Lout punched cabbie in row

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A THUG punched a taxi driver several times to the back of the head after the cabbie refused to take him home without cash up front.

Aaron Wood had been in Asda, in Marina Way, Hartlepool, in the early hours of the morning when he ordered a taxi to take him home.

The cab arrived and the driver said that because the fare would be over £10 then it was policy for him to be paid up front.

Nineteen-year-old Wood demanded that the taxi driver take him home and “threatened” him.

Prosecuting, John Garside told Hartlepool Magistrates’ Court: “The taxi driver explained that it was the normal process to get money up front if the fare was going to be over £10 but Wood continued with the threatening behaviour.

“The taxi driver went inside Asda to seek assistance.

“He was talking when he was attacked by Wood from behind and he punched him several times to the back of the head.

“He then ran off along Marina Way with his friend.”

Mr Garside added that in police interview, Wood admitted assaulting the taxi driver but said the cabbie had used a swear word when calling him “scruffy”.

Mr Garside said: “Wood said he was angry because he had called him scruffy.

“The assault caused reddening to his right cheek as a result of the assault.”

Wood, of Sandringham Crescent, Horden, pleaded guilty to assault by beating on June 21.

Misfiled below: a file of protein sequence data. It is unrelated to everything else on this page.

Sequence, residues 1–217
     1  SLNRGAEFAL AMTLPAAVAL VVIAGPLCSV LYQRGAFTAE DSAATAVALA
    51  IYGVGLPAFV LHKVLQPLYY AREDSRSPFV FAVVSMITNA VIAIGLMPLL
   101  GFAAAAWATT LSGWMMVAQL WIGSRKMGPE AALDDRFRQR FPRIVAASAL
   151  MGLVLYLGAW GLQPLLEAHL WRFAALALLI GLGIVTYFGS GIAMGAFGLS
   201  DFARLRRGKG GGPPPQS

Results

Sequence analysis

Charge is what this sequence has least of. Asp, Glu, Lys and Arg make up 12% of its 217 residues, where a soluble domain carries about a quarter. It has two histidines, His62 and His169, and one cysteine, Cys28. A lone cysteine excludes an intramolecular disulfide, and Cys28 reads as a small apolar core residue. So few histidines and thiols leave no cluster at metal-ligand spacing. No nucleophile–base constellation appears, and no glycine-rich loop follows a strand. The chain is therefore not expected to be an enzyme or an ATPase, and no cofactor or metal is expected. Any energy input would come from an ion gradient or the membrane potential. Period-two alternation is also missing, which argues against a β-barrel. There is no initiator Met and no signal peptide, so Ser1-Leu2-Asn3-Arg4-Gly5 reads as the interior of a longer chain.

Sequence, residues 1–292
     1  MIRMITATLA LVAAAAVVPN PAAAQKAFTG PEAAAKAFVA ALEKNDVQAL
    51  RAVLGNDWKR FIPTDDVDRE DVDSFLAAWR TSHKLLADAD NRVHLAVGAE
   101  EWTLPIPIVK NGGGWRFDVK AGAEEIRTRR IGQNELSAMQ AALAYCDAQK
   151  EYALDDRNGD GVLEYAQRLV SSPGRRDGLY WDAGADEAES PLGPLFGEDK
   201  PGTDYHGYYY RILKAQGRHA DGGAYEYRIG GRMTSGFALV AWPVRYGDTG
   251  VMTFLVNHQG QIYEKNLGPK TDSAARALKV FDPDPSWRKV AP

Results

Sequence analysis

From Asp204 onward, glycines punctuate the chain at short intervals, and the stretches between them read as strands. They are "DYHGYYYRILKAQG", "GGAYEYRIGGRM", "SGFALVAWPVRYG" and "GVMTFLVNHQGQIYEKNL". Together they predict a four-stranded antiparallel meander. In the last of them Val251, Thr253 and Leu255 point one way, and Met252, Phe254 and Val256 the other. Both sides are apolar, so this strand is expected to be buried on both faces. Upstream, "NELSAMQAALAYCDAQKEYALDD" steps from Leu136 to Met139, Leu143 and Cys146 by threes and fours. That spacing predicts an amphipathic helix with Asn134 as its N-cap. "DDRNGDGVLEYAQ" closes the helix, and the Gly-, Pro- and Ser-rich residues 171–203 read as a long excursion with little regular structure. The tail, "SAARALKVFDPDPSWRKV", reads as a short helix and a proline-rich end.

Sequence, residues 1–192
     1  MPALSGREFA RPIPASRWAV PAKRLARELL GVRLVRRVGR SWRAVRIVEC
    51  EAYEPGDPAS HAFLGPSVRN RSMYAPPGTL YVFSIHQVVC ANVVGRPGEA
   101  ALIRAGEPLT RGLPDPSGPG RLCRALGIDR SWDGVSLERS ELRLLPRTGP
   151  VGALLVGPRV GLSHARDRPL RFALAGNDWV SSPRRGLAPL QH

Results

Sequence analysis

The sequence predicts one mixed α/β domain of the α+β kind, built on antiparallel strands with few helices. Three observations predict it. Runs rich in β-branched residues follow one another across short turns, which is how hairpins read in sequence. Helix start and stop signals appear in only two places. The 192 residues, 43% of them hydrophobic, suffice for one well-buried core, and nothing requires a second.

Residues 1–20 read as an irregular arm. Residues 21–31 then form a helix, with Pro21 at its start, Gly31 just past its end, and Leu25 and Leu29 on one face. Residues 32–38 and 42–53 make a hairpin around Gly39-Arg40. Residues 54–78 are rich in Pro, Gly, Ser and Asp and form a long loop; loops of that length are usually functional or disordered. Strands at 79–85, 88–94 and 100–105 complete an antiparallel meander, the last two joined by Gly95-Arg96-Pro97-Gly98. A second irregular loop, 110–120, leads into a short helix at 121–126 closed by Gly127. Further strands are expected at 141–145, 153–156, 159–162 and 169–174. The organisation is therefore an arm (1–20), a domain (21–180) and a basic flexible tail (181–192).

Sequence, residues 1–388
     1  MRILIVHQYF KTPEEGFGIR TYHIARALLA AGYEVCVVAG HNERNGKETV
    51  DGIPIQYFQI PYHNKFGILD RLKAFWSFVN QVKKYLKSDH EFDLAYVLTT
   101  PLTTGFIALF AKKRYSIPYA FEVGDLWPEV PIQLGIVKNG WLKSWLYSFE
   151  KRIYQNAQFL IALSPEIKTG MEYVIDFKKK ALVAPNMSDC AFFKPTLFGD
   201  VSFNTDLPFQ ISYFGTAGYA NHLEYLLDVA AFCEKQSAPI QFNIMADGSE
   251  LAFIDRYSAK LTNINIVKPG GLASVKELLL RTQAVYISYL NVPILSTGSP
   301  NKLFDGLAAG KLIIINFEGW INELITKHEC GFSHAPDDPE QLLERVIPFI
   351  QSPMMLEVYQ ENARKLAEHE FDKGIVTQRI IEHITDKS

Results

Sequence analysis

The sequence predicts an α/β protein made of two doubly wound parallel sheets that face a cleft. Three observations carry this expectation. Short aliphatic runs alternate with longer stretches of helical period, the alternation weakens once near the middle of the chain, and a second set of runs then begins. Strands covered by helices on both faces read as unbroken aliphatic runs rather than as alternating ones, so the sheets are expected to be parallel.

Mitigating, Dave Smith, said his client, who was awaiting a start date for training for the armed forces, regretted the incident.

He said: “My client feels horrible for the discomfort he caused. He had been drinking in Hartlepool and this was in the early hours of the morning, about 5am.

“Having been out for a long period he was in drink and wasn’t perhaps on his best form.

“He had ordered a taxi to return to the Peterlee area.

“On the phone, when making the booking, he explained how he didn’t have any money on him but his partner did at home. The receptionist said that wouldn’t be a problem but the driver said he wasn’t prepared to do this. At the prospect of not being able to get home he became rowdy and what started out as an argument, during which he was called names, ultimately led to him first becoming threatening and then punching the injured party a few times.”

Chairman of the bench Dorreen Goode said: “This was a man at his place of work and when you start work you will realise that you wouldn’t want anything like this to happen to you.”

Mrs Goode sentenced him to 100 hours of unpaid work, and ordered him to pay £100 compensation and £85 costs.